“Self -esteem is the foundation of happiness, and happiness is the end of the game.”
Ron Norelli, president of the Family Firm Institute, cited case studies that indicate just 60 percent of family businesses survive from the first to the second generation, and fewer than 10 percent survive into the third generation.
But in regard to the businesses honored May 6, Norelli said, those statistics ring false. A common theme among the family businesses that received the awards, he said, was a system of values.
“I want to congratulate the winners tonight, who clearly have known how to change, known to change their business models and change their strategies. But they haven’t compromised the value system.”
The E.C. Griffith Company, which began in 1912, is one of Charlotte’s oldest family-owned real estate firms, and the company has developed some of Charlotte’s leading institutions for the past 98 years. The E.C. Griffith Company, Griffith Real Estate Services and the members of the Griffith Family are concerned environmentalists, constantly working toward a balance between development and conservation.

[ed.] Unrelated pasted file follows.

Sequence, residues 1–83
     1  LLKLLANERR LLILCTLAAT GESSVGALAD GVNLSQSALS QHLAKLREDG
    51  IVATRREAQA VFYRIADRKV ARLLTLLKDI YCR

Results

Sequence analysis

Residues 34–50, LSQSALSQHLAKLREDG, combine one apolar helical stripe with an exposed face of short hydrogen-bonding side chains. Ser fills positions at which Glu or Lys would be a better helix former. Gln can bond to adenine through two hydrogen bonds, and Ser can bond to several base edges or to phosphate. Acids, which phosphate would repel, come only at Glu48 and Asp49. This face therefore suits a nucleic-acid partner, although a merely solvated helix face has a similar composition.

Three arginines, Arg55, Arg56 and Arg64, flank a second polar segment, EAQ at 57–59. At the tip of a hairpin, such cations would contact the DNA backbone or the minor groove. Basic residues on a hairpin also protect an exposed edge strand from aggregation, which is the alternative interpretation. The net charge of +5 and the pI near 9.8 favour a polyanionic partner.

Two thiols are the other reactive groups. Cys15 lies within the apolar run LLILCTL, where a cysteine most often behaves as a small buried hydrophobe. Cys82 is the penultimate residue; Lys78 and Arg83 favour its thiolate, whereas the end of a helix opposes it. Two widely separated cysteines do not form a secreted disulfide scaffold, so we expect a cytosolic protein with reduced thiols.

In 2003, Don and Sally Olin founded Partners In Care, an in-home care-giving service for seniors and adults, but it’s also much more. The company helps seniors retain their dignity and remain independent in their homes while providing peace of mind for their families. The company’s tagline, “Families Helping Families,” is truth in advertising, proving a for-profit service can flourish if its foundation and operational structure is built with strong morals and ethics. The company’s five family members and 160 extended family members work by the same philosophy — treat each client as though they would treat their own parents.